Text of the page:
Love and Rockets -- The late-in-the-year release of Gilbert Hernandez's Palomar hardcover brought into stark relief how lucky comics readers are to live in a time when Love and Rockets is being regularly published again. Each issue provides a generous selection of short stories and serialized tales by Gilbert, and brothers Jaime and Mario. Los Bros. Hernandez are often cited as some of the best cartoonists in comics history, and for one very good reason: They are. If you haven't been reading the latest incarnation of their storied series Love and Rockets, you're missing out on stories filled to bursting with life, love, comedy and drama. If you're an adult who likes comics, there's literally nothing more you could ask for.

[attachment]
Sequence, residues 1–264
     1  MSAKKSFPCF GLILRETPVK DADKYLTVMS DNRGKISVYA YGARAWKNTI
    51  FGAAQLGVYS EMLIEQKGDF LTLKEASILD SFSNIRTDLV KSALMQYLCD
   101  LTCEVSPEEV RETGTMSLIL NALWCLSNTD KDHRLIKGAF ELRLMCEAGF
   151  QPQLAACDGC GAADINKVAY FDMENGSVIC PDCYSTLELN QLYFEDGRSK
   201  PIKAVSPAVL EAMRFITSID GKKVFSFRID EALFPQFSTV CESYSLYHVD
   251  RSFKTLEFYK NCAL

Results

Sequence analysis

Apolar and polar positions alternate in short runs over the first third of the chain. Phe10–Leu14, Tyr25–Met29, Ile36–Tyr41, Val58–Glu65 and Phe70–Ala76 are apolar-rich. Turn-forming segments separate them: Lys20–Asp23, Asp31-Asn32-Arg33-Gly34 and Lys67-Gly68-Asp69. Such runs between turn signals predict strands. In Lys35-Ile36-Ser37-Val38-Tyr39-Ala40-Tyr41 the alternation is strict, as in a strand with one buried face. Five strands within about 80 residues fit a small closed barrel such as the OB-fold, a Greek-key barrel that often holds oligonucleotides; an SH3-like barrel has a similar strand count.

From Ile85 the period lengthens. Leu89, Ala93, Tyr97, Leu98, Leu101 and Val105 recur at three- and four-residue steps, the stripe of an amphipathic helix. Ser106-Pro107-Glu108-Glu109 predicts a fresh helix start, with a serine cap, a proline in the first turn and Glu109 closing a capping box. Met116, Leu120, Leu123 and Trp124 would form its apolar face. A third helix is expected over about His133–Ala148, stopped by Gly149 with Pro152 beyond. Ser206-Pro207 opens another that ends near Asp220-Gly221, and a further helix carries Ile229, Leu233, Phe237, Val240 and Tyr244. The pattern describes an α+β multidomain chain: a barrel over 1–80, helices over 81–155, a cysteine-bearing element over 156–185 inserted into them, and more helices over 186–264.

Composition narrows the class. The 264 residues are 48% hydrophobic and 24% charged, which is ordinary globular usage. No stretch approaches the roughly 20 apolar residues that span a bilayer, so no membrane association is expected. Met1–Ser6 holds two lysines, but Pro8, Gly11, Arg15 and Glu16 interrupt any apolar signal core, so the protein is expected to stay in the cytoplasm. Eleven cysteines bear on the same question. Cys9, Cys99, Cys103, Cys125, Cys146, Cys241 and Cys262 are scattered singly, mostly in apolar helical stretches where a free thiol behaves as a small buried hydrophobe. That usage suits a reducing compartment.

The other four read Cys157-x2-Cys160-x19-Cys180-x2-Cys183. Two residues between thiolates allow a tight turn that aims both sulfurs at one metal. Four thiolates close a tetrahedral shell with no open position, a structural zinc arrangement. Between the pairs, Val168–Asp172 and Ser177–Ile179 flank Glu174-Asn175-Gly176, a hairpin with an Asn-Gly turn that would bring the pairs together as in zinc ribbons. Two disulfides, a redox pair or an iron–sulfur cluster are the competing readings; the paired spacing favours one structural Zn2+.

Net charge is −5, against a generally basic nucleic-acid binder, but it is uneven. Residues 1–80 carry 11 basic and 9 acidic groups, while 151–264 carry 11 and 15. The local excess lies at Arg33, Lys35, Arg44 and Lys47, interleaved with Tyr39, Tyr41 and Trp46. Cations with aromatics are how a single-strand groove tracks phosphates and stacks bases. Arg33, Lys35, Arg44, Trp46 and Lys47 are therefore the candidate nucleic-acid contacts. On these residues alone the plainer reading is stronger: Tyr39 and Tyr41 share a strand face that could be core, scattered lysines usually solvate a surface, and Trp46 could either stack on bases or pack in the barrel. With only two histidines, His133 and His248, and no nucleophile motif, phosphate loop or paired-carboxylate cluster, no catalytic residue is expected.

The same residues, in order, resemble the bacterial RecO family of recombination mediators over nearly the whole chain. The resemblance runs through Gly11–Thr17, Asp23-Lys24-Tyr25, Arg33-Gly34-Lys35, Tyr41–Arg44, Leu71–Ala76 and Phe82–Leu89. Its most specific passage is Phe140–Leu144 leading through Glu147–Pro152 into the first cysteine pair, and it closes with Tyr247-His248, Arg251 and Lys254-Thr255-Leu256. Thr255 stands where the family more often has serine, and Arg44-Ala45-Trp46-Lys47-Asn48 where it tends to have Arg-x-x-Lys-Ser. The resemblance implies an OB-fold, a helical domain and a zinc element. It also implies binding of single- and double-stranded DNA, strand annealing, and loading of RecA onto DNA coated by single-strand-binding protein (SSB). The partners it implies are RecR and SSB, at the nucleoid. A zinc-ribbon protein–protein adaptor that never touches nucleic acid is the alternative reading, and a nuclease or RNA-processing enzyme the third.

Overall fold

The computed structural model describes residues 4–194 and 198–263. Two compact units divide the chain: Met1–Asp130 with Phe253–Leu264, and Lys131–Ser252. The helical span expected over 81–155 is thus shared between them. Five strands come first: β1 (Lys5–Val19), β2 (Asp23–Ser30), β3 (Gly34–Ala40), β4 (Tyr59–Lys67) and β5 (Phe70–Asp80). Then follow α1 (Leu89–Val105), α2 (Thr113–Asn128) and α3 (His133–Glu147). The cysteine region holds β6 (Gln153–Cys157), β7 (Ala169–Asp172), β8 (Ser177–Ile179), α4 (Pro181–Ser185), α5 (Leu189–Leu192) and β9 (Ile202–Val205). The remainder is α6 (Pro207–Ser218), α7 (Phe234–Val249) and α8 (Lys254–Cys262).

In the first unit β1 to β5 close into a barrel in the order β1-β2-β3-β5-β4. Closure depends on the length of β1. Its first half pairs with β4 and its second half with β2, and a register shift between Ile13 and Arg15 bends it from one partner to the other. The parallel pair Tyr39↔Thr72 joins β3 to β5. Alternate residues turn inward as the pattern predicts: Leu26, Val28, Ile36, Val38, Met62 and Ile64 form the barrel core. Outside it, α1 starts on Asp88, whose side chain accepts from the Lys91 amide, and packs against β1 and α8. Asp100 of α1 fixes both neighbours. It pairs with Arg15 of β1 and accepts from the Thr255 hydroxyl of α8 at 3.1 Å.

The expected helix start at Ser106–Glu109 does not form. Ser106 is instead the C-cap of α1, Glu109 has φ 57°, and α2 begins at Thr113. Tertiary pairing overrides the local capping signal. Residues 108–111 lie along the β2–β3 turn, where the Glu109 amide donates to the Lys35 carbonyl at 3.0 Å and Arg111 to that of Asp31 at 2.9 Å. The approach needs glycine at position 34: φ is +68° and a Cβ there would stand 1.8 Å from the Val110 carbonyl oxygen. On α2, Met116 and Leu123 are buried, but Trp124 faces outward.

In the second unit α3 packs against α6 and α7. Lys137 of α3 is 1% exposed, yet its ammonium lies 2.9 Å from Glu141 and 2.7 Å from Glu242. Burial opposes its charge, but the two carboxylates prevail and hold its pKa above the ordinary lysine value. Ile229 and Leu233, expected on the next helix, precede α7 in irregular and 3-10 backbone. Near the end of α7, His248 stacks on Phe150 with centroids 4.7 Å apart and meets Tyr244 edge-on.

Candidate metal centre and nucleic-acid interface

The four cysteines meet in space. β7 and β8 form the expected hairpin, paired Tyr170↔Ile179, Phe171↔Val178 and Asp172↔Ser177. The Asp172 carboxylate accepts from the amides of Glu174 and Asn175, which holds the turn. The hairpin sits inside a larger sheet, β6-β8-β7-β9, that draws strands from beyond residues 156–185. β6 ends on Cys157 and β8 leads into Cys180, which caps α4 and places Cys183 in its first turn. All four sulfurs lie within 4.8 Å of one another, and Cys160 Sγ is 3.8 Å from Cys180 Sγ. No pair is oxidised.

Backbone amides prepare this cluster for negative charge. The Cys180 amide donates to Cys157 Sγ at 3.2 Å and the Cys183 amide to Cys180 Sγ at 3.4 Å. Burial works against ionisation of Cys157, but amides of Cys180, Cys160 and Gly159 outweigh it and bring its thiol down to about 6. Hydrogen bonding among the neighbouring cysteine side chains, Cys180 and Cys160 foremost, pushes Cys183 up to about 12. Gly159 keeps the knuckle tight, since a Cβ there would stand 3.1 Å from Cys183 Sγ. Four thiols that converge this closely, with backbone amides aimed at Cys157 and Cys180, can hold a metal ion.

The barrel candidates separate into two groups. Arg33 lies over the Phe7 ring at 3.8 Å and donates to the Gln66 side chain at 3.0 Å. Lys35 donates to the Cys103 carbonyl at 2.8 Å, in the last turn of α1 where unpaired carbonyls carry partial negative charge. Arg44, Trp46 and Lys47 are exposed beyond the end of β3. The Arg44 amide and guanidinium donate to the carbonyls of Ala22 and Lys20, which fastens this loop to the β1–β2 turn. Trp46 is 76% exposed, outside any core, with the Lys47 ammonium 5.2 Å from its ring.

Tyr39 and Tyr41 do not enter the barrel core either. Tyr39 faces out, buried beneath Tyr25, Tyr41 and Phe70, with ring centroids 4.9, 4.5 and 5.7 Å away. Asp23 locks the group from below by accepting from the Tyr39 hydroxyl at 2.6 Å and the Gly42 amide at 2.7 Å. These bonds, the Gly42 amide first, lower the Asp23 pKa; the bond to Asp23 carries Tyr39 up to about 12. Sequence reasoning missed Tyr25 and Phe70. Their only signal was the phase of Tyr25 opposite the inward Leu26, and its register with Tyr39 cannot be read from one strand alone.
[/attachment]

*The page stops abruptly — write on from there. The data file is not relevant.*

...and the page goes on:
Gabagool -- By now you've probably heard something about this delightful little alternative title, but chances are you haven't sampled it yet. You should. Gabagool is about a group of friends and would-be bounty hunters who live in Bronx, NY (whatever you do, don't call it The Bronx!) and live out their days in geeky pursuit of pleasure. This year saw the comic make the jump from mini to full-sized comic, and the boys travelled on a hedonistic vacation that was hilarious and delightful. If you haven't picked up an issue of Gabagool yet, make that one of your new year's resolutions.